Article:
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Korea, Today and Tomorrow

First Anniversary of Moon-Kim Summit




Dear people in South and North Korea and ethnic Koreans abroad, Chairman Kim Jong-un and I held a historic meeting and reached a valuable agreement. We solemnly declared before the 80 million Korean people and the whole world that there will be no more war on the Korean Peninsula and thus a new era of peace has begun. 

On April 27, 2018, South Korean President Moon Jae-in and North Korean leader Kim Jong-un opened a new path of peace and prosperity. 

With all eyes on the historic inter-Korean summit in the truce village of Panmunjom, the two Koreas declared that they would bring an end to longstanding division and confrontation and usher in an era of reconciliation and peace through the complete denuclearization of the Korean Peninsula.  Today, we’ll discuss what has happened to cross-border relations and diplomacy over the past year with Jung Dae-jin, a professor at the Ajou Institute of Unification. 

North Korea’s missile and nuclear provocations continued until the end of November in 2017, when Pyongyang claimed to have successfully tested an intercontinental ballistic missile. As expected, relations between North Korea and the U.S. went from bad to worse, with the leaders of the two countries exchanging harsh rhetoric. Despite escalating tensions, the South Korean government proposed dialogue and its efforts bore fruit in the form of the April 27 inter-Korean summit in Panmunjom in 2018. 

In the Panmunjom Declaration, the South and the North agreed to improve and develop bilateral ties in a comprehensive way, promote exchanges and cooperation in various areas and reconnect and modernize cross-border railways and roads. The two sides also promised to make joint efforts to ease military tension and eliminate the danger of war on their divided peninsula. In line with that, they held general-level military talks in May last year and signed a military agreement in September to implement the Panmunjom Declaration. 

The military accord was a milestone in the process of halting hostile acts against each other in every domain, including land, air and sea. Seoul and Pyongyang also agreed to actively cooperate to establish a permanent and solid peace regime on the Korean Peninsula.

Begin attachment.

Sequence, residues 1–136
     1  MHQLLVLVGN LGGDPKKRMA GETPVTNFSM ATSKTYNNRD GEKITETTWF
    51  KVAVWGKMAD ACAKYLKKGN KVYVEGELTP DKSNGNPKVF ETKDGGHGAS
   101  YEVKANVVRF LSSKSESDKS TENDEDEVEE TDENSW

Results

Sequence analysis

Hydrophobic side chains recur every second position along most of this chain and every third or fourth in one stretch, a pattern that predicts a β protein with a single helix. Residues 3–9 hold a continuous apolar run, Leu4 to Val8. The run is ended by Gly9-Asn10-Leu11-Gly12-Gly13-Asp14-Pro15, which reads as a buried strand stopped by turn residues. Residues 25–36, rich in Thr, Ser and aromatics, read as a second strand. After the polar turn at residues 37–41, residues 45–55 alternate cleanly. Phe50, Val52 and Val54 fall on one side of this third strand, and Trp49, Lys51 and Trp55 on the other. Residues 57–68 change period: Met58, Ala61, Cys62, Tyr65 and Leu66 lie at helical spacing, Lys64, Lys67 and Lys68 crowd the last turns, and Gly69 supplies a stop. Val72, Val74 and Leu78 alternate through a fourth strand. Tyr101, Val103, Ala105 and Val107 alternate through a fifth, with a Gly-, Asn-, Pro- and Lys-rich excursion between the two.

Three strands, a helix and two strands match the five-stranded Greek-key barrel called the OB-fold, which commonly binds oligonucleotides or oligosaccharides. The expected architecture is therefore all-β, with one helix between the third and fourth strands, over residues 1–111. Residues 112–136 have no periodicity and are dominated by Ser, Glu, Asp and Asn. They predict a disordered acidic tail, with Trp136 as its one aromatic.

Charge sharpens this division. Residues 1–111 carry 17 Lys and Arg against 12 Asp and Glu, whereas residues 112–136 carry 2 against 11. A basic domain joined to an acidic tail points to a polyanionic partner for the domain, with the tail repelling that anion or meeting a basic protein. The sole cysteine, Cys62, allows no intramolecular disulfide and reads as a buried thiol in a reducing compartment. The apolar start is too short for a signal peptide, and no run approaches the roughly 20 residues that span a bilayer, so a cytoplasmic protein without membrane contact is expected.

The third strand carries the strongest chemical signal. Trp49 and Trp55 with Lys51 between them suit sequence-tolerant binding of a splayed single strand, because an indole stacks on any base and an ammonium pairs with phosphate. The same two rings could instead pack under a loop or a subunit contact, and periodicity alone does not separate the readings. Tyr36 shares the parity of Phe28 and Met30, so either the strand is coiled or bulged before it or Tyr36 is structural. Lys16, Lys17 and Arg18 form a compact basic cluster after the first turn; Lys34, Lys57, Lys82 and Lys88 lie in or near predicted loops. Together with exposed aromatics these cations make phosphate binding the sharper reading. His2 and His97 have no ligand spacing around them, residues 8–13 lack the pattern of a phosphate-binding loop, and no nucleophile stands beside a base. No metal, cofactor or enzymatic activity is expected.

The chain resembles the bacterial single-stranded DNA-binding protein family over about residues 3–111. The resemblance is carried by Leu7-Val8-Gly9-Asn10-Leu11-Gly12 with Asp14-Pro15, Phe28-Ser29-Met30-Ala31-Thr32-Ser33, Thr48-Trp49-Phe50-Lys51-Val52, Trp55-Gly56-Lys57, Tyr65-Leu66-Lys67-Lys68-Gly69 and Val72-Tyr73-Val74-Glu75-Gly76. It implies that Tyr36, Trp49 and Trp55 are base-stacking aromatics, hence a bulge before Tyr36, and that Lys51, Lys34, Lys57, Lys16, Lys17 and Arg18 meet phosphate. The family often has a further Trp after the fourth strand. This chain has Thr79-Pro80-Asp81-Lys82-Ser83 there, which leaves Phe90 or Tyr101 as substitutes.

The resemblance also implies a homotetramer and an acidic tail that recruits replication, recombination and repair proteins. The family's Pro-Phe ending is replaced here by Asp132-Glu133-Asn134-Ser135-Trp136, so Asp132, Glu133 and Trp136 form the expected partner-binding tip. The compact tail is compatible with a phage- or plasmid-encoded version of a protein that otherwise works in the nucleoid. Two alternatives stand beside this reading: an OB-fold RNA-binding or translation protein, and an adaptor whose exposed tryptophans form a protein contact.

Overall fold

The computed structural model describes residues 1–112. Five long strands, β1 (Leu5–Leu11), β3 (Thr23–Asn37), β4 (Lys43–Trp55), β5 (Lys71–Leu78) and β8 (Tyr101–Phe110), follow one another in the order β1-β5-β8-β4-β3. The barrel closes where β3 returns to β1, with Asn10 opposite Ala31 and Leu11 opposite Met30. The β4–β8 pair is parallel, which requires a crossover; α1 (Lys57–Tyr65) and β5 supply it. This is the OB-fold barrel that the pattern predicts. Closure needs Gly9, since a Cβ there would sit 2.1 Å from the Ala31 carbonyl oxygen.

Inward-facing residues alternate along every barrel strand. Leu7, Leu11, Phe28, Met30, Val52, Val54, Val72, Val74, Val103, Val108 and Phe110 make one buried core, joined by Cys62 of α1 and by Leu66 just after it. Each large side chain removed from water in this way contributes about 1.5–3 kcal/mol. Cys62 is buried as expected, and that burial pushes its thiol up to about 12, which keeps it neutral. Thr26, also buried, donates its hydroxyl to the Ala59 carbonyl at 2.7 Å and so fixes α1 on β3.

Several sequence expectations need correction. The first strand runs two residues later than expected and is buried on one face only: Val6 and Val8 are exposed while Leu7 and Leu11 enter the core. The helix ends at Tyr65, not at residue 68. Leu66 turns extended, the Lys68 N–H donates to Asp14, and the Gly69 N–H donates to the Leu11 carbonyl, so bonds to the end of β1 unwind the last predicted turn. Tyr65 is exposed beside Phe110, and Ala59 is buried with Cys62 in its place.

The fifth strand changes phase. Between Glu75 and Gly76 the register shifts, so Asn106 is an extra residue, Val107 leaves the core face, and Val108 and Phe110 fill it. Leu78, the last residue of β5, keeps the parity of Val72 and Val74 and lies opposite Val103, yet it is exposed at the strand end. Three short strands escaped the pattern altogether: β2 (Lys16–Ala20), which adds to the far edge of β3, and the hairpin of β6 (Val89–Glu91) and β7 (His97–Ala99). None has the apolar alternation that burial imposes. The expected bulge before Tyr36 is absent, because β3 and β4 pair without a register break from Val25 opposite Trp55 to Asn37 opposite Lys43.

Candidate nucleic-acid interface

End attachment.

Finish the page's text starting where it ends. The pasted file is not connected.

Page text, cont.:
Notably, the Panmunjom declaration included the phrase, “complete denuclearization,” signaling a foundational beginning to the denuclearization process on the Korean peninsula. 

The successful South-North summit laid the groundwork for a summit between North Korea and the U.S later in the year.

On March 5, 2018, South Korean special envoys of President Moon visited Pyongyang and they announced that the two Koreas had agreed to hold a summit in late April. The summit materialized, and the joint declaration adopted at the summit addressed some crucial issues such as permanent peace on the Korean Peninsula, a declaration of an end to the Korean War, and denuclearization. 

Following the significant declaration, the U.S. considered the possibility of finding a breakthrough in the North Korean nuclear issue through a bilateral summit, and the first-ever North Korea-U.S. summit took place in June. The Panmunjom Declaration is historically significant and played an important role in facilitating the unprecedented summit between North Korea and the U.S. 

U.S. President Donald Trump and North Korean leader Kim Jong-un held their first summit in Singapore on June 12, 2018, and signed a joint statement calling for peace on the Korean Peninsula. It was the first meeting ever held between a sitting U.S. president and a North Korean leader. In July, North Korea returned the remains of 55 U.S. soldiers who died during the Korean War, fulfilling part of a promise Kim made to Trump at their Singapore summit.